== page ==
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RE: Capacitor in series or parallel?
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- Subject: RE: Capacitor in series or parallel?
- From: "Tesla list" <tesla@xxxxxxxxxx>
- Date: Fri, 09 Sep 2005 13:40:12 -0600
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Original poster: "Lau, Gary" <Gary.Lau@xxxxxx>
I think both you guys are right. With the xfmr across the cap, the xfmr
will see a lot of RF at the tank frequency, and with the xfmr across the
gap, the xfmr will see HF-rich step functions. Also, during the
zero-current crossings when the gap briefly turns off, there will be VHF
transients at the self-resonant frequency of the primary and other
paracitics, peaking at TWICE the tank capacitor voltage.
But the important thing is that while R-C filters don't do a great job
at filtering the main tank frequency (i.e. they won't help much if the
xfmr is across the cap), an R-C filter will do an excellent job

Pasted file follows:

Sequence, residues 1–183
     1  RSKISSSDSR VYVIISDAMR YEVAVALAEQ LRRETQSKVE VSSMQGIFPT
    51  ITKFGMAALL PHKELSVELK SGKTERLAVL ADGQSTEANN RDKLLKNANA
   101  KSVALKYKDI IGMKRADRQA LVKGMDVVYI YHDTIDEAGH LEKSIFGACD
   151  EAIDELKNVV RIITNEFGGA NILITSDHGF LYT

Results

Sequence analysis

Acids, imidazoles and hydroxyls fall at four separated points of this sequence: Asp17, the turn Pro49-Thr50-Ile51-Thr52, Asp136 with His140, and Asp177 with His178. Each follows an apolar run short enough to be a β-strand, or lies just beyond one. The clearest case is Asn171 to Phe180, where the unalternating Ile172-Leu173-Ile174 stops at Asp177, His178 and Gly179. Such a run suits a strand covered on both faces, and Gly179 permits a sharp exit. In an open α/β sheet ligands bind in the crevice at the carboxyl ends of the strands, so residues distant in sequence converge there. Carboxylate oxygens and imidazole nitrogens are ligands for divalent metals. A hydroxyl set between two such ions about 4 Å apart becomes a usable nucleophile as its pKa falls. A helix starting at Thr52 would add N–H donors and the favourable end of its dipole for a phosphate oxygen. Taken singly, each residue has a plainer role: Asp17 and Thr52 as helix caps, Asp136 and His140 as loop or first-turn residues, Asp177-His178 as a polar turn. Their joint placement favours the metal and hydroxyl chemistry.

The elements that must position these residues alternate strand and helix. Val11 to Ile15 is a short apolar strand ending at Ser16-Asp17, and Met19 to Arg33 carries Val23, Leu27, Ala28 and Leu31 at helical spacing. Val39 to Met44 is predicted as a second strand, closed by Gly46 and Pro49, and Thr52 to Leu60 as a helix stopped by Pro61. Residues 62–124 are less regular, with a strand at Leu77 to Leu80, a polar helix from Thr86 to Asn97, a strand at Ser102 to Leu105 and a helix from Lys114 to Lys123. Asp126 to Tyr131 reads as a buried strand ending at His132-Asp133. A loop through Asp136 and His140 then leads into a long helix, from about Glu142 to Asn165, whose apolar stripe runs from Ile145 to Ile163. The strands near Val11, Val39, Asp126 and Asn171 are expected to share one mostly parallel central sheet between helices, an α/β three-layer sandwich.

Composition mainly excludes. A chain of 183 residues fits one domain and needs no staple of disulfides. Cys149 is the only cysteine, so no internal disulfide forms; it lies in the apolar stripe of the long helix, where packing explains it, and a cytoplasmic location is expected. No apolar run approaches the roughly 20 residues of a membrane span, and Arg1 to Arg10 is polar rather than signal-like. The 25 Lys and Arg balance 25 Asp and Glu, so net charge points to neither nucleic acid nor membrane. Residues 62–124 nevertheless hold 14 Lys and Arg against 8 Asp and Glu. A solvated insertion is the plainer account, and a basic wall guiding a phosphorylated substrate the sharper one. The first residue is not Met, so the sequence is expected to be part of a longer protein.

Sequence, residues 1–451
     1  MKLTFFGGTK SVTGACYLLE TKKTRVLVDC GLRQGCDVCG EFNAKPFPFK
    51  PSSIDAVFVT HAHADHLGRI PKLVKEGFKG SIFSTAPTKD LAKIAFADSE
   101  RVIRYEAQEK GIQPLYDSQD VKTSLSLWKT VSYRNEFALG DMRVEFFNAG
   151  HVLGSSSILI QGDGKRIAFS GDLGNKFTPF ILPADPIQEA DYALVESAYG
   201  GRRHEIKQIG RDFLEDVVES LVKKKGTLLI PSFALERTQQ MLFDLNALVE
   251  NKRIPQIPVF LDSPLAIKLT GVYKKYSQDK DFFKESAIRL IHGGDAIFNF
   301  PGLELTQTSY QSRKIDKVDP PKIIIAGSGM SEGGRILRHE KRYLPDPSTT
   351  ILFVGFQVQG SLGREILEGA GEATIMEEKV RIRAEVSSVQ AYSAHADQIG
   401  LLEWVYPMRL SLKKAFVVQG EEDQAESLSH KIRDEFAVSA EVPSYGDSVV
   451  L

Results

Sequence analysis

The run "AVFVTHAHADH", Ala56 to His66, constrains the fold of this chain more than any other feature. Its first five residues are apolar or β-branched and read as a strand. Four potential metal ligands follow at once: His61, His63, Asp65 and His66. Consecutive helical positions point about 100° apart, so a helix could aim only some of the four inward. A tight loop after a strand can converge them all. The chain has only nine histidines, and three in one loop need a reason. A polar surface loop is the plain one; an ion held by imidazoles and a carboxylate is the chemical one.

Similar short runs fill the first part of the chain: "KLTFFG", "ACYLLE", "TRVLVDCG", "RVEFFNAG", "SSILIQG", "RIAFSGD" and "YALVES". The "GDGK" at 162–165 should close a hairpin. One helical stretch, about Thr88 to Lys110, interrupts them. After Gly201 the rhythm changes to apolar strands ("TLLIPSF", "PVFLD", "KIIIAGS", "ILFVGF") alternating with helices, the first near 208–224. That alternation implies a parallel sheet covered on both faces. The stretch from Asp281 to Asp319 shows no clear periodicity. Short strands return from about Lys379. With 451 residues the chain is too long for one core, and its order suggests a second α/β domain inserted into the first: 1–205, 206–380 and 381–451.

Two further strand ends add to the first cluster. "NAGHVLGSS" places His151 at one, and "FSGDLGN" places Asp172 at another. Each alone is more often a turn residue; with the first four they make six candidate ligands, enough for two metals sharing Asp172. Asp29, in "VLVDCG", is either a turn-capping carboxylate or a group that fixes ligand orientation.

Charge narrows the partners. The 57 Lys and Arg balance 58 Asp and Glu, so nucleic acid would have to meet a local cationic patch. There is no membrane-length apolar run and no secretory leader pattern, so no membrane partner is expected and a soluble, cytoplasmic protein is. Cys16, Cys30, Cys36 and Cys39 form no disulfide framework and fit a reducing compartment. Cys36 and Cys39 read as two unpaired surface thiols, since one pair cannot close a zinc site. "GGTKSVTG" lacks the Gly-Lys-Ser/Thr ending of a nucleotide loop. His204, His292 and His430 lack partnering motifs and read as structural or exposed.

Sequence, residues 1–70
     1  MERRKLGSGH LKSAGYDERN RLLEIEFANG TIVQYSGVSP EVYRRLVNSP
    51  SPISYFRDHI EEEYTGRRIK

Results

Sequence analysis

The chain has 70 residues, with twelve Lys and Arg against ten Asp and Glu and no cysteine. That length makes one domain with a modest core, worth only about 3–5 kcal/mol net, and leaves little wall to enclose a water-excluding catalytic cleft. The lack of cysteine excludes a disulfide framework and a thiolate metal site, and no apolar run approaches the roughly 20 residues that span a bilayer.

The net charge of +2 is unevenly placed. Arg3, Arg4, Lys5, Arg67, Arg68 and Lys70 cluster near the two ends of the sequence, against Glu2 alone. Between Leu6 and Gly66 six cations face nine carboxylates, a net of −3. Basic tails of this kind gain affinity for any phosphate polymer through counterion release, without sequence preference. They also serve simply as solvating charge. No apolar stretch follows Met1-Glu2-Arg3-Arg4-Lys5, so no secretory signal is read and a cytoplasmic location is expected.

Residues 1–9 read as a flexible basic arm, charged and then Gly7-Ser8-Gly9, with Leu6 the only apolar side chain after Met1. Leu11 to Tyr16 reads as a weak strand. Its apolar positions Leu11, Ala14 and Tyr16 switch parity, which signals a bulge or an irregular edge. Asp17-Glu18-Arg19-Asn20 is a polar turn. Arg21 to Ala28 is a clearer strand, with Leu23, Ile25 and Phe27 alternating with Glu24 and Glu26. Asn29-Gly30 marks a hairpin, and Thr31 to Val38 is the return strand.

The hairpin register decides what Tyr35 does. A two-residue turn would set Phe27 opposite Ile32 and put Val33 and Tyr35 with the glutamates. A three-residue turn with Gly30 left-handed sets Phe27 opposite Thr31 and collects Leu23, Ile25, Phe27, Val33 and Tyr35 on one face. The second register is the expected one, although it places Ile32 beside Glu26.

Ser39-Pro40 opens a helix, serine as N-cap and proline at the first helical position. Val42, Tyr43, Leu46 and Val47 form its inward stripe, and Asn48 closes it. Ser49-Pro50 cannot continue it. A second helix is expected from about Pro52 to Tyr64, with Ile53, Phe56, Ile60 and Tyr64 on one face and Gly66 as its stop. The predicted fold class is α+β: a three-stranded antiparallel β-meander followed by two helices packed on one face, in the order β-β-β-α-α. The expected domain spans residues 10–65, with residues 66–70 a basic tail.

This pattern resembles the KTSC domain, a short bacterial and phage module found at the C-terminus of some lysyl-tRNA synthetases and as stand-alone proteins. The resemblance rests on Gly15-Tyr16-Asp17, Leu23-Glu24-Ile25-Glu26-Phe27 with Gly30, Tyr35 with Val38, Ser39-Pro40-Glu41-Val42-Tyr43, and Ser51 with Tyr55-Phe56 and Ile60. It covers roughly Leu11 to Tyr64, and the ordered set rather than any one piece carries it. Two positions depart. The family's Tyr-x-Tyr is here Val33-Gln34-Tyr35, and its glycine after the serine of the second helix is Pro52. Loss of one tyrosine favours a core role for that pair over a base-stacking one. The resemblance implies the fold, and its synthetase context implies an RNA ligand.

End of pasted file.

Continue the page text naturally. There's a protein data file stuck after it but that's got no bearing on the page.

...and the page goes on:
attenuating the VHF transients and step functions seen across the gap.
When using an R-C filter, running with the xfmr across the gap is
better, as both hazards are eliminated. If you're not using an R-C
filter, choose your poison. I couldn't say which is worse.
Regards, Gary Lau
>>> The usual answer to this is that you connect the power
>>> supply across the spark gap, in order to minimize the
>>> amount of RF fed back into the transformer. This is a
>>> moot point though: spark gaps generate RF too.
>>> Steve Conner
>> Hi Steve,
>> I must disagree; it is not a moot point. the RF voltage seen by the
>> power transformer is several orders of magnitude less with the gap
>> across the transformer. With transformer across the gap, the
>> transformer sees only the RF voltage drop across the gap WHILE the
>> gap is firing, essentially a few hundred volts instead of ~20+ KV.
>> IMHO, a mouse and a moose are both mammals but not equivalent if
>> they're stepping on you, and it is a disservice to a newbie to
>> intimate that they are quantitatively similar..
>> Matt D.
>It also sees a "20+kV" step function when the gap
>fires. I can imagine scenarios where that would excite
>ringing in the transformer windings and be more
>harmful than the relatively pure sine wave you get
>across the capacitor. Tesla tried it both ways and
>never seemed to come to a conclusion.